Viewpoints
supermarketirma.jpg Spencer Platt/staff/Getty Images News
A woman shops in one of the few supermarkets open with limited electricity three days after Hurricane Irma swept through the Naples, Fla., area in September.

Viewpoint: Supermarkets: The pillars of communities

When communities experience natural disasters, supermarket step up to the plate to offer assistance

The events of the past few months illustrate the devastating impact natural disasters can have on a society. First, it was Hurricane Harvey, bringing unprecedented rainfall and destructive flooding to east Texas. Less than a month later, Hurricane Irma wreaked havoc on Florida and the Southeast. And shortly after Irma touched down, Hurricane Maria devastated several Caribbean islands, including Puerto Rico and the Dominican Republic.

It’s times like these that create anguish in the human psyche, let alone the toll on families and finances.

But through tough times comes caring and compassion. Neighbor helping neighbor. Stranger helping stranger. And when communities experienced the full blow of these three deadly hurricanes, supermarkets—the pillars of the community—stepped up to the plate to offer assistance.  

In Texas, H-E-B donated $100,000 toward hurricane relief efforts and accepted customer donations through its statewide tear pad campaign. Additionally, it mobilized its Emergency Response Team and Mobile Kitchens and Disaster Relief Units to deliver much-needed relief supplies and services, as well as prepare and serve hot meals, to individuals and communities in affected areas.  

Across the Gulf in Florida, Publix turned to its in-store bakeries to help uplift the spirits of the state’s hurricane-tested residents. Cake designers at the chain created Hurricane Irma-themed cakes in the days leading up to the storm’s arrival, some with messages like “Go Away Irma” and “Weather it Out,” in a show of solidarity to its customers. While the cakes drew some negative comments on social media, a majority of social media users responded positively, viewing the effort as a way to bring Florida residents together and generate a few smiles at the same time.

The Albertsons Cos.—through the generous donations of customers and employees—raised more than $8 million through its point-of-sale campaign at over 2,300 of its stores.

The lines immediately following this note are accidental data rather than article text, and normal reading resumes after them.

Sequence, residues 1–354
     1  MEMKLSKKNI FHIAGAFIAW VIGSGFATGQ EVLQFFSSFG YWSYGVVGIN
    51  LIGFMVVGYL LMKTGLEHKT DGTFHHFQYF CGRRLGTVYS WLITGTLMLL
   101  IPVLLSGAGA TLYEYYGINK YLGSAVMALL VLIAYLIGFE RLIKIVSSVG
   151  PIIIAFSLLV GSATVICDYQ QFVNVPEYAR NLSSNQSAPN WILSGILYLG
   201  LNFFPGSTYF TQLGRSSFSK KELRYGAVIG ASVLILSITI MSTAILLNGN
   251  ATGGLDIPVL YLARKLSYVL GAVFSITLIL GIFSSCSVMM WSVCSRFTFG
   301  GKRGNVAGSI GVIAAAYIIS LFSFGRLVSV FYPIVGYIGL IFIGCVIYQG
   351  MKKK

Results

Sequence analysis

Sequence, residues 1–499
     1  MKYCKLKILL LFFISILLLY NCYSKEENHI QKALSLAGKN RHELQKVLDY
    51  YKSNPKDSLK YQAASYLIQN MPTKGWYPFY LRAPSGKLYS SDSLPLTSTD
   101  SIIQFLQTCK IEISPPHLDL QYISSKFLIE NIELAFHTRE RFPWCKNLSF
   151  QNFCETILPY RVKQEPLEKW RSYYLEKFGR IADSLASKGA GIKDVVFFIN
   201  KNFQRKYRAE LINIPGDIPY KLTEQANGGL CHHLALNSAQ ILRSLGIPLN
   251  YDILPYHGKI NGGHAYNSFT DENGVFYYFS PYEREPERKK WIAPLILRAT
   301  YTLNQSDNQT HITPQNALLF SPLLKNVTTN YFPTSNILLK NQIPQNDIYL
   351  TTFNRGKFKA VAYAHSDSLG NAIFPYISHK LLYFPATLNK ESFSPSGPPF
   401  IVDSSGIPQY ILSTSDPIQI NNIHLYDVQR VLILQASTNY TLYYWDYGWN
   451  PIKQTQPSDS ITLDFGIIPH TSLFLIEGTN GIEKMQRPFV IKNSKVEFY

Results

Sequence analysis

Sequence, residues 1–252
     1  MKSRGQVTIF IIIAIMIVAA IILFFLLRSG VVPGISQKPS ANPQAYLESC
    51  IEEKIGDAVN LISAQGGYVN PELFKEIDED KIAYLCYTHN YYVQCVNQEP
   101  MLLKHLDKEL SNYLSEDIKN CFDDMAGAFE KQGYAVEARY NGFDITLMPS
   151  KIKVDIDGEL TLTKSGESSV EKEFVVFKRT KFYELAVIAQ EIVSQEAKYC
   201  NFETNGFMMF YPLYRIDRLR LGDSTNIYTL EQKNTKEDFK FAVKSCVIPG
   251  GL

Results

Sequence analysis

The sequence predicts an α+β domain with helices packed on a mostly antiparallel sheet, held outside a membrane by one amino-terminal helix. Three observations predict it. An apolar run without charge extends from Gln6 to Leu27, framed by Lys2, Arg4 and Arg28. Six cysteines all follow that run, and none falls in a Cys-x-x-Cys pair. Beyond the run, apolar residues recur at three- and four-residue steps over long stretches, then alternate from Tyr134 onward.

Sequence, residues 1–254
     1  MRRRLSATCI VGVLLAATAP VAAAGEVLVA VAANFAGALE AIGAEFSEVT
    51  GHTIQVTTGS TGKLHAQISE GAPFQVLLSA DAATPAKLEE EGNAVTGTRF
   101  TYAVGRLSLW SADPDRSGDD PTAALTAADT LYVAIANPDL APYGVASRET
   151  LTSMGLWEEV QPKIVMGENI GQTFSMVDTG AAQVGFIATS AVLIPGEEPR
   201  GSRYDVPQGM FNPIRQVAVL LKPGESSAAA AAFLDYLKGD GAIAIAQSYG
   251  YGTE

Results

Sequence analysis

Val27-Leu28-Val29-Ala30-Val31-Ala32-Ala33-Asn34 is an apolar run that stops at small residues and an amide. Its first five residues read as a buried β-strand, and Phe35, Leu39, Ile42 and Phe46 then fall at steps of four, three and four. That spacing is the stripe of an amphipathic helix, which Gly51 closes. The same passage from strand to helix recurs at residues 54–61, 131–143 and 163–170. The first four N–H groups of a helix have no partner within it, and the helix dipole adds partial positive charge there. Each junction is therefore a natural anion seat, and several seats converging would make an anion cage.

Regional as well as national chains like Walmart and Target—as part of the community as traditional retailers—also stepped up to the plate with monetary and material donations; Walmart committed to $10 million in hurricane relied in 2017, while Target has pledged over $4.5 million in aid. Publix Charities donated $250,000 to the American Red Cross for relief efforts in areas impacted by Hurricane Harvey; H-E-B returned the favor for Florida, delivering 10 truckloads of food, water and hygiene products to the state.

Additionally, numerous regional and international chains—several of which do not even operate within the impacted area—also contributed, including ShopRite ($100,000), Aldi ($150,000), Schnucks ($61,000 through its Scan & Give program) and Kroger ($25,000). This list is just a snapshot, as retailers nationwide assisted in the hurricane relief efforts; in total, one-half of the top 50 supermarket retailers supported the cause in some capacity.

As these crises have demonstrated, supermarkets are much, much more than just businesses operating in a community. They are an active part of the community, whether it’s through a food drive, sponsoring a youth sports league, providing career opportunities for residents or assisting those in need during a natural disaster. As online grocery shopping captures the headlines in today’s changing food retail landscape, traditional supermarkets continue to make a positive impact on their communities, as they’ve always done. And while natural disasters always bring communities together, it’s important for retailers to continue and expand their involvement in the communities they serve throughout the year.

What role do your stores play in the community?

How have your stores helped others in times of need?

Mike Eardley is the president and CEO of the International Dairy Deli Bakery Association.

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